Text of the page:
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ONE CALL FOR ALL | Bainbridge’s library: A community treasure

      - Joel Sackett photo
— image credit: Joel Sackett photo

With more than 250,000 visitors and half a million books checked out a year, the Bainbridge Public Library is arguably one of the island’s most busy and well-loved community centers.

But there’s a big difference between that center, the building and the books inside.

Unlike other libraries in the Kitsap Regional Library system, the Bainbridge branch has a unique relationship with its island patrons.

“The most unusual thing about the library … is that the community of Bainbridge Island actually owns this entire building, which is not true for many other libraries and other libraries in the Kitsap Regional system,” said Linda Meier, president of the board of directors for the Bainbridge Public Library. “So we as community people are responsible for keeping this place open.”

The Bainbridge library is a partnership of both the public and private — the KRL system provides books, staff and materials, which are funded through tax dollars. But it’s the people of Bainbridge Island who own the building and grounds and make up the more than 200 volunteers, including the all-volunteer board of directors, that keep the library functioning.

“If you think about it as a shell,” Meier said, “the community of Bainbridge provides the shell, the building, and the regional system provides everything that goes inside.”

That relationship between the private and public sphere can sometimes be confusing when it comes to donating money.

“If people give money to the regional system, that doesn’t necessarily stay on Bainbridge. It can go into any of the libraries in the entire system,” Meier said. “If you donate money to the Bainbridge library, it stays here.”

And by giving through One Call For All, islanders can ensure their donations go straight to the Bainbridge library — roughly a quarter of the library’s operating budget for the buildings and grounds comes from One Call For All funding.

“Through the generosity of One Call donors the library board is able to meet the needs of this facility and keep it available for the public,” said Branch Manager Rebecca Judd.

“The kind of most critical point for us as an organization to impart is just how much the donations by individuals through One Call For All works to keep our doors open,” added board member Sarah Morgans.

“Without that sort of support there’s no way we could continue to do the work that we do to keep the library a vibrant space.”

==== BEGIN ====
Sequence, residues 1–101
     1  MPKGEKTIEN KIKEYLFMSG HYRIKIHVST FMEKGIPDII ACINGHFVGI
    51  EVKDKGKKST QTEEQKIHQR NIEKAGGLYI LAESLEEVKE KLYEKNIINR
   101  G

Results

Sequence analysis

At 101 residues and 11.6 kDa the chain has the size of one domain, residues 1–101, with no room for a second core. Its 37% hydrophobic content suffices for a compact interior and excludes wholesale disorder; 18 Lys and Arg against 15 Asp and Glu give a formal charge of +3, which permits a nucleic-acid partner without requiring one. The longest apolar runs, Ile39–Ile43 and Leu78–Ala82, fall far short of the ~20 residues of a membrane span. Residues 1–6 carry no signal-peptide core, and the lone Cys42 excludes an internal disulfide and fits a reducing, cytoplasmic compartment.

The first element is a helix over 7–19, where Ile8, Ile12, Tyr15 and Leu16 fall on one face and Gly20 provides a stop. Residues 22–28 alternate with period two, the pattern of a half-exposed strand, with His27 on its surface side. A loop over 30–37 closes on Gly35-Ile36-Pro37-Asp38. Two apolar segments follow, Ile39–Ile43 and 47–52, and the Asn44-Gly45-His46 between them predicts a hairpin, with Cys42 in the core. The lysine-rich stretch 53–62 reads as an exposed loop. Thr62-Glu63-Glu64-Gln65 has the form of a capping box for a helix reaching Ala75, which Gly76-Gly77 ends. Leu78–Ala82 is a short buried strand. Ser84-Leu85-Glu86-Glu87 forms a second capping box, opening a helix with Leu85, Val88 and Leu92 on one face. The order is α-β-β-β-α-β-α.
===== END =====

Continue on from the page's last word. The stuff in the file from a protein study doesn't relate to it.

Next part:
And through the years, the community has time and again helped keep the library looking sharp.

When the current library reopened its doors in 1997 after extensive renovations, Junkoh Harui, of Bainbridge Gardens, and the Bainbridge Island Japanese American Community donated the Japanese garden that envelopes the library’s western façade. Since then, private donations have helped maintain those facilities, as well as the building itself.

In fact, the purpose of the first Rotary Auction, in 1960, was to raise funds for a new library.

Last year, the library celebrated its 50th anniversary at its location at the corner of High School Road and Madison Avenue, but the concept of a library on the island began almost one hundred years before.

As the Civil War ravaged the country, islanders in Port Madison donated a space and books for a library in 1863. More than 50 years later, in 1916, the first library building was built in Rolling Bay. Almost one hundred years since then, the Bainbridge library has moved, grown and revitalized to become the building islanders know and love.

“It gets used on a regular basis by lots and lots of people and it’s really important that it continues to exist in a viable, financially secure basis and that we continue to have all these facilities available to us,” Meier said. “I think anybody that you talk to says, ‘Oh, I just love the library.’ I mean really, without exception and it’s just — this place is a real treasure.”

Judd agreed.

“The library is, we hope, really at the heart of the community,” she said. “People love the library. It’s a community of readers.”

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